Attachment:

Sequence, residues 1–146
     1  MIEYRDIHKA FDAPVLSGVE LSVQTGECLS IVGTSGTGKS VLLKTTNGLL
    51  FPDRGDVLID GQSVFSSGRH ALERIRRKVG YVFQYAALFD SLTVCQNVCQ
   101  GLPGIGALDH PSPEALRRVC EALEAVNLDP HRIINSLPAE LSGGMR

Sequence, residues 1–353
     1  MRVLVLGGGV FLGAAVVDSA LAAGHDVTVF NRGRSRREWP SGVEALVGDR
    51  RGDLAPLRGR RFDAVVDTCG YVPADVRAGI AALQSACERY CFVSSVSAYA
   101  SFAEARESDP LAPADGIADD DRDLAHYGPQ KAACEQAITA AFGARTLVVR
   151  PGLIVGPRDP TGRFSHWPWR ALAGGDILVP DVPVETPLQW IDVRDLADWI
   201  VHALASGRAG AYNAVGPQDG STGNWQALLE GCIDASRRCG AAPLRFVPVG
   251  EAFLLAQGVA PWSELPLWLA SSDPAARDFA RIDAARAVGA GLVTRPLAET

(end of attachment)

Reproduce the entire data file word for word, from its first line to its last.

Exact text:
Sequence, residues 1–146
     1  MIEYRDIHKA FDAPVLSGVE LSVQTGECLS IVGTSGTGKS VLLKTTNGLL
    51  FPDRGDVLID GQSVFSSGRH ALERIRRKVG YVFQYAALFD SLTVCQNVCQ
   101  GLPGIGALDH PSPEALRRVC EALEAVNLDP HRIINSLPAE LSGGMR

Sequence, residues 1–353
     1  MRVLVLGGGV FLGAAVVDSA LAAGHDVTVF NRGRSRREWP SGVEALVGDR
    51  RGDLAPLRGR RFDAVVDTCG YVPADVRAGI AALQSACERY CFVSSVSAYA
   101  SFAEARESDP LAPADGIADD DRDLAHYGPQ KAACEQAITA AFGARTLVVR
   151  PGLIVGPRDP TGRFSHWPWR ALAGGDILVP DVPVETPLQW IDVRDLADWI
   201  VHALASGRAG AYNAVGPQDG STGNWQALLE GCIDASRRCG AAPLRFVPVG
   251  EAFLLAQGVA PWSELPLWLA SSDPAARDFA RIDAARAVGA GLVTRPLAET